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Congress Presses Officials on Port Security


Members of Congress have been questioning officials responsible for security at U.S. seaports and airports about efforts to guard against possible future terrorist attacks. Hearings on Capitol Hill come amid impatience with steps to ensure the safety of shipping containers entering the United States and concern about lapses in background checks for airport screeners.

Among steps Congress took after the September 2001 terrorist attacks was passage of a law called the Maritime Transportation Security Act (MTSA).

It was aimed at strengthening maritime security, while seeking to avoid adverse impact on the U.S. economy and the flow of goods to and from the United States.

Some 360 ports in the United States handle 95 percent of U.S. overseas trade. However, most of that moves through five ports, the largest being in Los Angeles and Long Beach, California, New York-New Jersey, and Seattle-Tacoma in Washington state.

As New Jersey Congressman Frank LoBiondo notes, ports are especially vulnerable to those who would do harm to the United States. "Generally our ports are very often open and exposed, and they are susceptible to large-scale acts of terrorism that could cause catastrophic loss of life and economic disruption," said Mr. LoBiondo.

In a recent hearing, Transportation Secretary Norman Mineta was asked by lawmakers to identify the weakest link in the security chain in terms of future terrorist threats. "The most vulnerable would be the maritime ports," he responded, noting "the number of containers coming into this country. We really don't have a good handle on what is in those containers."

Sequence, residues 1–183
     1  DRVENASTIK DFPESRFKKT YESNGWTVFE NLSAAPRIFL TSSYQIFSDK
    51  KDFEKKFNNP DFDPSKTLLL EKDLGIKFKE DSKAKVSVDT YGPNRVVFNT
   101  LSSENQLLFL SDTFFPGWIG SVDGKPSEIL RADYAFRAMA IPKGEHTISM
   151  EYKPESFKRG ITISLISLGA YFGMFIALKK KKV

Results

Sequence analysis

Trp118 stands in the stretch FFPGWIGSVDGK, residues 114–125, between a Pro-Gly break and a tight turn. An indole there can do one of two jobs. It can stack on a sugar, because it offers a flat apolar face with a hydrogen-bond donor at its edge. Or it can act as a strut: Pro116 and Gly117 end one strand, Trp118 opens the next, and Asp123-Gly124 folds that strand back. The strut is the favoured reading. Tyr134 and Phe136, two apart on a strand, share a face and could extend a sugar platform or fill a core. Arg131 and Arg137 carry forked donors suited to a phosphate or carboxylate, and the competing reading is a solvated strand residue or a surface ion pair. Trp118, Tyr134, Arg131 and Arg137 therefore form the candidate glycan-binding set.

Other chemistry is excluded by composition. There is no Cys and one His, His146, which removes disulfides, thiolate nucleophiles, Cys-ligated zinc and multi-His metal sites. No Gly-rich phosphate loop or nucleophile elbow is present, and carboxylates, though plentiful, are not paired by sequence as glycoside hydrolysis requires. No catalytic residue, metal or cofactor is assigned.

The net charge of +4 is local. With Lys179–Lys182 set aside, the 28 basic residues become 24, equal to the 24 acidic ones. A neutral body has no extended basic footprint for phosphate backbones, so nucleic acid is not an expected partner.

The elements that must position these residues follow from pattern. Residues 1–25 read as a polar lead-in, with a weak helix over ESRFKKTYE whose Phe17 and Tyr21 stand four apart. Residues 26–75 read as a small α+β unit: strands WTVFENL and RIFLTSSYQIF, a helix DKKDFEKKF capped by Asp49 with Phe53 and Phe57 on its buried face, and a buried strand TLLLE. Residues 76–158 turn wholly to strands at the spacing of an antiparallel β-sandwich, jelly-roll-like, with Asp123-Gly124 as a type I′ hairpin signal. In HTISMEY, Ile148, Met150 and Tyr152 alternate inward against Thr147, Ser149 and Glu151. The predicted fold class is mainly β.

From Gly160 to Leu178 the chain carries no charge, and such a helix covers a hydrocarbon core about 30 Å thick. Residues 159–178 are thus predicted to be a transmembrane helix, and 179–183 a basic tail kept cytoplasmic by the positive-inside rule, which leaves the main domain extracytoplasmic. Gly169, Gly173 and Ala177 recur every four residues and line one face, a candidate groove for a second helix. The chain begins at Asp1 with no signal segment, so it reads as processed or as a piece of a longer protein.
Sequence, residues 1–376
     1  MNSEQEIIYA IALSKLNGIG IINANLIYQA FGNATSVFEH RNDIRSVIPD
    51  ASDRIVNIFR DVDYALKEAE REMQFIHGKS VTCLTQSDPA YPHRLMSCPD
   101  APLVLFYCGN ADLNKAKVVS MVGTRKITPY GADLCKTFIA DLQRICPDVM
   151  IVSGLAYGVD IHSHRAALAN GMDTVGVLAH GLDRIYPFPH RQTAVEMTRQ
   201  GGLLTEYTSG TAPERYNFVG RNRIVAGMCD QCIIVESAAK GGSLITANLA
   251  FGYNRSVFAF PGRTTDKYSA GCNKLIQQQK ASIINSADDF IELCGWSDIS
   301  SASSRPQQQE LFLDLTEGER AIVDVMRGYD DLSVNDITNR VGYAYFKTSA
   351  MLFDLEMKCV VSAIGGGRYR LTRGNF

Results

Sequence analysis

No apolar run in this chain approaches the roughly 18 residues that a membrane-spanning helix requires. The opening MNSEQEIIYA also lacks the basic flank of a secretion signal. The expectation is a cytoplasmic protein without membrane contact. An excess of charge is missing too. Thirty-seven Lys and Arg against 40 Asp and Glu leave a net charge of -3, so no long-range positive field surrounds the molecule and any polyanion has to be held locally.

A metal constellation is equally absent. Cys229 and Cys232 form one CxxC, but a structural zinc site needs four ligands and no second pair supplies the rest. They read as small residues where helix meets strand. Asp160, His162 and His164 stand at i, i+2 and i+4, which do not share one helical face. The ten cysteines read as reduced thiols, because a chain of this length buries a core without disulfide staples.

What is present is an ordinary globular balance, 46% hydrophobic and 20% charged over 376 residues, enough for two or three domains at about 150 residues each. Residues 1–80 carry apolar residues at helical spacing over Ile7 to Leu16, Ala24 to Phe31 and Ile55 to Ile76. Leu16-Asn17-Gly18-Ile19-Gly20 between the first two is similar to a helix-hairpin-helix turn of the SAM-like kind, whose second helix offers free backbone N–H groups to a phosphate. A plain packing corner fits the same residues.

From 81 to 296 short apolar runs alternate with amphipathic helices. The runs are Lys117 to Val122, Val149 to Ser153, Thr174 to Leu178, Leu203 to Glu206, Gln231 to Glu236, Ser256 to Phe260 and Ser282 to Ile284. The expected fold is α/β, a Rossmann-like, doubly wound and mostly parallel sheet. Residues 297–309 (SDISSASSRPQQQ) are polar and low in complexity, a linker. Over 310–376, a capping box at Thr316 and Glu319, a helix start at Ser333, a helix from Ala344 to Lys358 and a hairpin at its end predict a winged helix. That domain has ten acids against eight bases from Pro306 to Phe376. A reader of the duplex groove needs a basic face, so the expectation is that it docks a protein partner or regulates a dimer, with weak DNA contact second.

Under the new maritime law, vessels and port facilities including vessels under foreign flags, must conduct assessments and come up with detailed plans to deal with any security weaknesses.

However, currently under International Maritime Organization rules, vessels heading to U.S. ports could bypass close examination by the U.S. Coast Guard of their security plans, which may also be in foreign languages.

Lawmakers are concerned about this and more generally about what they see as lax standards in the global shipping industry, that in the view of one Congressman, Peter DeFazio, should not simply be accepted by U.S. authorities.

He suggested "requiring more rigorously that we review - not some foreign government subject to bribery or others - a vessel's security plan, so that we know who is on those ships, what is on those ships, who owns those ships, and why they are coming to the United States."

The head of the Coast Guard, Admiral Thomas Collins, said it is working aggressively to reduce chances of a terrorist incident against the maritime system, which he said would have a serious and long-lasting impact on global shipping, trade and the world economy.

However, the admiral was pressed by one lawmaker, Congressman James Oberstar, on the question of foreign port security, who asked him, "How in God's name are you going to know that a port is not maintaining effective anti-terrorism measures if you simply accept their plan and say, salute! sail on!"

"Our intention is create a foreign port security team," replied Admiral Collins, "a central team that would be based in Washington and that would be exportable to the various ports, to do the audit, an assessment-audit, of the security regime in each one of these ports."

Admiral Collins acknowledges however, that there is currently no money budgeted to pay for such a specialized team.

In another hearing Tuesday, the head of the Transportation Security Administration (TSA), retired Admiral James Loy, defended his agency against allegations of incompetence.

Lawmakers are unhappy with recent media reports about TSA lapses that led to some individuals with criminal backgrounds being hired as security screeners at some key airports.

The agency met tough congressional deadlines to hire more than 50,000 new screeners in the wake of the September 2001 terrorist attacks, but still has not completed background checks for more than half of the personnel.